One or more of the following electives are suggested:
BSTT 537       Longitudinal Data Analysis                                                       4 SH
CHSC 434       Introduction to Quantitative Methods in PH                                       3 SH
CSC 534        Management Analysis of Qualitative Date                                          3 SH
CHSC 577       Survey Questionnaire Design                                                      2 SH
CRJ 560        Quantitative Methods and Design                                                  4 SH
ED 502         Essentials of Qualitative Inquiry in Education                                   4 SH
EPID 471       Population I                                                                     3 SH
EPID 510       Advanced Epidemiology of Infectious Diseases                                     2 SH
EPID 520       Genetic Epidemiology                                                             2 SH
EPID 594       Social Epidemiology                                                              2 SH
EPSY 594       Hierarchical Linear Modeling                                                     4 SH
HPA 557        Measurement in Health Services Research                                          3 SH
HPA 564        Geographic Information Systems in Public Health                                  3 SH
NUSC 548       Methodological Issues for Cross-Cultural Research                                3 SH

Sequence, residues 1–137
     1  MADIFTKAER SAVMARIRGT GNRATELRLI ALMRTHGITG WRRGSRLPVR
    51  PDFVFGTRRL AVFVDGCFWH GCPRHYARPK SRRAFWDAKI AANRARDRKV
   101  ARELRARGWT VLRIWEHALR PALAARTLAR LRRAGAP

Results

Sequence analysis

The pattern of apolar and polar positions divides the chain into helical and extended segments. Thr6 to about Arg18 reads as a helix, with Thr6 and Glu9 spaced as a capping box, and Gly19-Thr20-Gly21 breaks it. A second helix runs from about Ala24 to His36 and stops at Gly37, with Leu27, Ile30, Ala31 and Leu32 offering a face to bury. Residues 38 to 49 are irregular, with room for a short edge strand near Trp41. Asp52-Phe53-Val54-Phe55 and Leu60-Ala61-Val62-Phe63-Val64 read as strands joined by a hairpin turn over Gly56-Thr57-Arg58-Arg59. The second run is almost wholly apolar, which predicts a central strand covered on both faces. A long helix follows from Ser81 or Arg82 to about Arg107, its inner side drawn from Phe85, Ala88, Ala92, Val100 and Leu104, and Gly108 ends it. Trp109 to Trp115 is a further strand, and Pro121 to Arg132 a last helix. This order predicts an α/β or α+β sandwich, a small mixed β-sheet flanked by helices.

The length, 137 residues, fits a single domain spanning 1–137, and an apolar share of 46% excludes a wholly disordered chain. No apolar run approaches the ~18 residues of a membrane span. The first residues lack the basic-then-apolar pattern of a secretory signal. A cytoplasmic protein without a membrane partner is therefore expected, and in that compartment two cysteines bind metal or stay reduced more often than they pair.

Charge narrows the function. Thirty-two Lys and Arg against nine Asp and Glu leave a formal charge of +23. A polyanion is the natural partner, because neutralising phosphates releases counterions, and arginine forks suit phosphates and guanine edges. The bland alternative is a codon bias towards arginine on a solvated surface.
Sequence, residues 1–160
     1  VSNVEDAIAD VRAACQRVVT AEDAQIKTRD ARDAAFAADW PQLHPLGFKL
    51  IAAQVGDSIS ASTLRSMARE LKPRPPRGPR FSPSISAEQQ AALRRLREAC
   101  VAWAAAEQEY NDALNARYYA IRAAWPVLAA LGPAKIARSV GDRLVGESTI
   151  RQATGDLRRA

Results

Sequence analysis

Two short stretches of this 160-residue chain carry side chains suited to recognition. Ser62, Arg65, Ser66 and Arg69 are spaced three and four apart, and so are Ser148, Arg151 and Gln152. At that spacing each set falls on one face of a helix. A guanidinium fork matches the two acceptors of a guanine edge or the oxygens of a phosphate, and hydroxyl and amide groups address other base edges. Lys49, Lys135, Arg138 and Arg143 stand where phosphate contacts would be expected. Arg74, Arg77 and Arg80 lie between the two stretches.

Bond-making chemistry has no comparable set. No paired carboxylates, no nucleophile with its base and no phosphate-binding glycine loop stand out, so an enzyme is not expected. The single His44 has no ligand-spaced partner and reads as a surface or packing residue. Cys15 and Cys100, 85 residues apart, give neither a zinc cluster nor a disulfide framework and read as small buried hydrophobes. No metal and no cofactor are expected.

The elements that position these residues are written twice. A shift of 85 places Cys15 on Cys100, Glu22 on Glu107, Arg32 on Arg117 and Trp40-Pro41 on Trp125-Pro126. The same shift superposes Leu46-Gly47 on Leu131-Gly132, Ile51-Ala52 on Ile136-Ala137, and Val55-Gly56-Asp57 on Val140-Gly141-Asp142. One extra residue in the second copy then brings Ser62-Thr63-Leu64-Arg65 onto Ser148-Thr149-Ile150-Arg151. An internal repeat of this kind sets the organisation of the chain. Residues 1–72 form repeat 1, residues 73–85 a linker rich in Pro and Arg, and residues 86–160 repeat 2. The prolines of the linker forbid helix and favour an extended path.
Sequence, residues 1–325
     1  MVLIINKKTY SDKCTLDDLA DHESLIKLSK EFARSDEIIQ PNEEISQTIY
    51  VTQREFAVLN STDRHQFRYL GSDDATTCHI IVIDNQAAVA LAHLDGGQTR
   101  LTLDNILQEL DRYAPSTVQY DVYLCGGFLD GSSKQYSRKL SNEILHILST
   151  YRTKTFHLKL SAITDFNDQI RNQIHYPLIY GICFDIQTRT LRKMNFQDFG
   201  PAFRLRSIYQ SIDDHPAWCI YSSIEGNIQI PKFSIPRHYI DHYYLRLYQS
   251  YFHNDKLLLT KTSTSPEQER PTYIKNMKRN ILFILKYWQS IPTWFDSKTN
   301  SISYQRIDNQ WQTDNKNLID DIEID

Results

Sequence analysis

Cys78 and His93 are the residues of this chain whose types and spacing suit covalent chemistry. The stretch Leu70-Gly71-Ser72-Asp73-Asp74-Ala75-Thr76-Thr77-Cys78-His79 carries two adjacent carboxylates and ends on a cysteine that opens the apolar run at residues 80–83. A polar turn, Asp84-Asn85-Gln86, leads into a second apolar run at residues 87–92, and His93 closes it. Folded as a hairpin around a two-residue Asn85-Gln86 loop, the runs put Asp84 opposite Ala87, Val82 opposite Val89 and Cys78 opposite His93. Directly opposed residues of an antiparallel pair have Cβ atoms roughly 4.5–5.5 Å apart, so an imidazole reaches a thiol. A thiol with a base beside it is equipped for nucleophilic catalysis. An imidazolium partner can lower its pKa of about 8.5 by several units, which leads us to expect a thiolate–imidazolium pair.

NUSC 594       Neighborhoods and Health                                                         2 SH
PA 540         Research Methods for Public Administration                                       4 SH
PA 541         Advanced Data Analysis I                                                         4 SH
PA 581         Cross-Cultural Collection Methods                                                2 SH
PA 582         Survey Data Collection Methods                                                   2 SH
PA 588         Survey Data Reduction and Analysis                                               2 SH

Biological Sciences
Depending on clinical background, one or more of the following courses are strongly encouraged:
• HND 510 Nutrition, Physiologic Aspects (3 SH)
• HND 520 Maternal Nutrition & Perinatal Development (3 SH)
• HND 522 Adv. In Pediatric Nutrition (2 SH)
• NuMC 507 Scientific Basis for Women's Health & Perinatal I (2 SH)
• NuMC 508 Scientific Basis for Women's Health & Perinatal II (2 SH)
• NuSc 214 Clinical Pathophysiology I (2 SH) - not for graduate credit
• NuSc 216 Clinical Pathophysiology II (2 SH) -not for graduate credit

Preliminary Examination in MCH Epidemiology**
The MCH-Epi preliminary exam will include an in-class EPI exam based on EPID 403 and EPID 404 (EPID
401 for students who entered prior to Fall 2004), a 10 day take home analytic project based on
EPID/CHSC 549 and EPID 501, and six to nine hours of content/methods questions to be determined by
the preliminary exam committee.

Students in the Maternal and Child Health Epidemiology program should adhere to all other guidelines
for the Epidemiology PhD degree, in addition to school-wide PhD degree information.




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                        HEALTH POLICY AND ADMINISTRATION – PHD

The PhD in Health Policy and Administration program requires a minimum of 96 semester hours (SH).